for i in range(sigopt.params.epochs):
        for _ in range(num_batches):
          batch_x, batch_y = mnist.train.next_batch(sigopt.params.batch_size)
, feed_dict={x: batch_x, y: batch_y})
      correct_prediction = tf.equal(tf.argmax(activation_layer, 1), tf.argmax(y, 1))
      accuracy = tf.reduce_mean(tf.cast(correct_prediction, "float"))
      accuracy_value =, feed_dict={x: mnist.validation.images, y: mnist.validation.labels})
      sigopt.log_metric('accuracy', accuracy_value)
  4. Run the Code

    Once you've run the code above, SigOpt will conveniently output links to the run page on our web application.

    Run started, view it on the SigOpt dashboard at
    Extracting /tmp/data/train-images-idx3-ubyte.gz
    Extracting /tmp/data/train-labels-idx1-ubyte.gz
    Extracting /tmp/data/t10k-images-idx3-ubyte.gz
    Extracting /tmp/data/t10k-labels-idx1-ubyte.gz
    Run finished, view it on the SigOpt dashboard at
  5. View the Record

    Now, visit the project in the SigOpt web app to see the results. Here's a view of the training run record:

    At the project level, you can compare the training runs.

Overview of the SigOpt Methods

The example above uses the following methods (links to the specifications):

Let's discuss a few notable features below.


Parameters are any input to your model that you may change as you seek to refine the model. In our example, we have the number of hidden nodes, batch size, and number of epochs. If you think you might want to optimize on a parameter, that's a good reason to include it as a parameter.

During a single training run, sigopt.get_parameter utilizes the default value. If you're interested in optimizing or exploring a hyperparameter (or two), visit the Optimize & Explore section to learn more about how sigopt.get_parameter can return a suggested parameter SigOpt suggests within the search space. With a single method, sigopt.get_parameter, you can instrument your code once and use it to create a single training run or to automate an experiment.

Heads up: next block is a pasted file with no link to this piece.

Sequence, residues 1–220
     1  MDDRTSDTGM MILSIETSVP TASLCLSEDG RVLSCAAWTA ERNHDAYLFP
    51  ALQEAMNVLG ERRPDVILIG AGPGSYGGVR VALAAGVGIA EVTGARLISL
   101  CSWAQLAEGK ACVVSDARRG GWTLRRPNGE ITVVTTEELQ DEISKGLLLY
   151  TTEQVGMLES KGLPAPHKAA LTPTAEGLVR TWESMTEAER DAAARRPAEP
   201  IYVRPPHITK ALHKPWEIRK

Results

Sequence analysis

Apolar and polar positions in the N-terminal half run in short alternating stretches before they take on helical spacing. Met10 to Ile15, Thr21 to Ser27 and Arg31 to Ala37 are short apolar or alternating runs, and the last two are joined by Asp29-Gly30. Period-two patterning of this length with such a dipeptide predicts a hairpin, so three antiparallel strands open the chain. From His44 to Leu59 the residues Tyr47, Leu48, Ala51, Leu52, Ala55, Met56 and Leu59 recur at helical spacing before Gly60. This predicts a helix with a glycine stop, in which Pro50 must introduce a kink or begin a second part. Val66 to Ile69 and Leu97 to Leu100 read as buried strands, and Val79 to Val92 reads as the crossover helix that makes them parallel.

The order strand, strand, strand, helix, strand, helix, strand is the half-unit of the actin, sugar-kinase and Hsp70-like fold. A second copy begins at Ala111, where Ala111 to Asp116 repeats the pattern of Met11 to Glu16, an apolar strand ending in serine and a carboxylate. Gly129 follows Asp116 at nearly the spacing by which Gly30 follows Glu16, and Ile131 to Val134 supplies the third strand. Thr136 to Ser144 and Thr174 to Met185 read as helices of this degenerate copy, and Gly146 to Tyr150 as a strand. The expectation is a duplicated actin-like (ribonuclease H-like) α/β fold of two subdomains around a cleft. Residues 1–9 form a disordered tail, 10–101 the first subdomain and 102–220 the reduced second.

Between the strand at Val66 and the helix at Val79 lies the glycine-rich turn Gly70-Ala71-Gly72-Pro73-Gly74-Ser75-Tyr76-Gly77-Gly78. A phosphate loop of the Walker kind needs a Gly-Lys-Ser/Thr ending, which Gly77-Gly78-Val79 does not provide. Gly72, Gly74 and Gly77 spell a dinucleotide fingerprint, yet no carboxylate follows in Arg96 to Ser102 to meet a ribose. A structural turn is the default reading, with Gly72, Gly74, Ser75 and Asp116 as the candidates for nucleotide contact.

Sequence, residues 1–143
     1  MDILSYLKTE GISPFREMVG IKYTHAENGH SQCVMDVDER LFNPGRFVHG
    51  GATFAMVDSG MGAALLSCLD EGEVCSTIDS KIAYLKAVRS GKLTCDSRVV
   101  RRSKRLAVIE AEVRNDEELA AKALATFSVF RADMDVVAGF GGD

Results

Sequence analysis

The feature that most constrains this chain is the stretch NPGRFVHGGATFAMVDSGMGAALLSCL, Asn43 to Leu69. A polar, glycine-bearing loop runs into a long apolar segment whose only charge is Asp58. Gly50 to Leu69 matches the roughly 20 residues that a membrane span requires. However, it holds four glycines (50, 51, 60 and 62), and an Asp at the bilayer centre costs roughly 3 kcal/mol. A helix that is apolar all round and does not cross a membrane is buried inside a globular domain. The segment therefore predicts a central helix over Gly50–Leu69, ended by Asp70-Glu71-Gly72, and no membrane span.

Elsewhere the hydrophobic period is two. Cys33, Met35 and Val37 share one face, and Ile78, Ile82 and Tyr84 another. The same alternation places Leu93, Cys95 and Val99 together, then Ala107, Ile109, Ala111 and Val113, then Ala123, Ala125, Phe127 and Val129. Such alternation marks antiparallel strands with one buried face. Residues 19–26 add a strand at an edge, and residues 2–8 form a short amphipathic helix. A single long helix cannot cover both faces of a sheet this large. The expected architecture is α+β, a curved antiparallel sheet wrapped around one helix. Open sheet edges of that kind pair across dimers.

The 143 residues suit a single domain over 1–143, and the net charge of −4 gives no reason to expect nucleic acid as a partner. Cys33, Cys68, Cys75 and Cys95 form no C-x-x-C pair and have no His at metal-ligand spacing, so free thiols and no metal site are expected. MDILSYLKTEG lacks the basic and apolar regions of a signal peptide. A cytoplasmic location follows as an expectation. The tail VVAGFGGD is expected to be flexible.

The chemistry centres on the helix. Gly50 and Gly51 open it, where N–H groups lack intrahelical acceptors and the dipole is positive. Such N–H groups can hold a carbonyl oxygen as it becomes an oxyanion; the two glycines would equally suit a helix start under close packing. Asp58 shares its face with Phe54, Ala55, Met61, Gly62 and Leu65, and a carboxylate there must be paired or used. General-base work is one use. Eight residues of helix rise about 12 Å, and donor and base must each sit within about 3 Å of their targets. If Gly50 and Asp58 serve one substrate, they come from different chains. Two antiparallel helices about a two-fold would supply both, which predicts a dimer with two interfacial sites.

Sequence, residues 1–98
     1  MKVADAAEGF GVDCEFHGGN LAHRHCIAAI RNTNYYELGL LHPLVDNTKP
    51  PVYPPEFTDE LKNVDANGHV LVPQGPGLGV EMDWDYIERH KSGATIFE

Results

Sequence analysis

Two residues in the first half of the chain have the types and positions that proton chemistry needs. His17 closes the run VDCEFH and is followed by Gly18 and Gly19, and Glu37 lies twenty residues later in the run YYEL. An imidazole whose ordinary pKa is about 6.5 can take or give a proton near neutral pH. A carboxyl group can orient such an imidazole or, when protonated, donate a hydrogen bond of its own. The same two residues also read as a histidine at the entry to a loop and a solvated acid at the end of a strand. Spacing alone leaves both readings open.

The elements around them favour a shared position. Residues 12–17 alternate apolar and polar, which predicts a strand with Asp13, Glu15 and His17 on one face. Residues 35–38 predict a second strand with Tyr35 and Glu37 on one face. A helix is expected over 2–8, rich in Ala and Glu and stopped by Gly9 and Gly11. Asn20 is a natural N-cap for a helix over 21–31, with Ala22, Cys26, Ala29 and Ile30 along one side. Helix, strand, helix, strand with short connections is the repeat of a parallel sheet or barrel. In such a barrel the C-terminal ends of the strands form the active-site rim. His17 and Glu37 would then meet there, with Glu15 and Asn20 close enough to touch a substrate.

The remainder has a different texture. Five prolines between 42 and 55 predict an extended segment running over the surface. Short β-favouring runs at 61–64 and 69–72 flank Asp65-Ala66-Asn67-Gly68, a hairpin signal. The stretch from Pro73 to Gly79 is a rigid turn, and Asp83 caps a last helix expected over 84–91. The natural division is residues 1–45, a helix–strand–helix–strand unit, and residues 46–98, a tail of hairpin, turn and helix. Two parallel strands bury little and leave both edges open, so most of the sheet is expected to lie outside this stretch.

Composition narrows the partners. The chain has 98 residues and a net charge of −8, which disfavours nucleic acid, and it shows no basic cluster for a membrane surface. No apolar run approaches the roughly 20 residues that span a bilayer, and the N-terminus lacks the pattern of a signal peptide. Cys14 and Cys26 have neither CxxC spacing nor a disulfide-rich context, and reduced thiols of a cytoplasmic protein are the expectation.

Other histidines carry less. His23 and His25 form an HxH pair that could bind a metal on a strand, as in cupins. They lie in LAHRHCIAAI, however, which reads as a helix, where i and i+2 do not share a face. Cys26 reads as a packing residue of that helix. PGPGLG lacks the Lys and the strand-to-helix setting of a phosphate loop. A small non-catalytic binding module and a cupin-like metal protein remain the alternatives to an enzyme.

sigopt.log_model stores a text value that you can use to filter your runs in the SigOpt web view. In our example, you might want to filter by sklearn - logistic regression to compare models of the same type in the web charts.


Name your dataset with sigopt.log_dataset so you can easily reference it later. Store the path to AWS S3 or a csv filename, whatever might be useful to you.


Record any key value pairs you can imagine with sigopt.log_metadata.

In our example, we've used sigopt.log_metadata to store the input features and output classes, values we might want to change and compare across training runs but aren't data we'd consider parameters.


The most important information about a model is how it performed. With sigopt.log_metric you can take advantage of SigOpt's analysis dashboard of custom charts and advanced sorting and filtering.


Optimize & Explore

SigOpt has long been used to automate the tuning of a model. The next section, Optimize & Explore, shows how you can set up SigOpt experiments that will generate hyperparameter configurations with either a simple grid search or our Bayesian ensemble.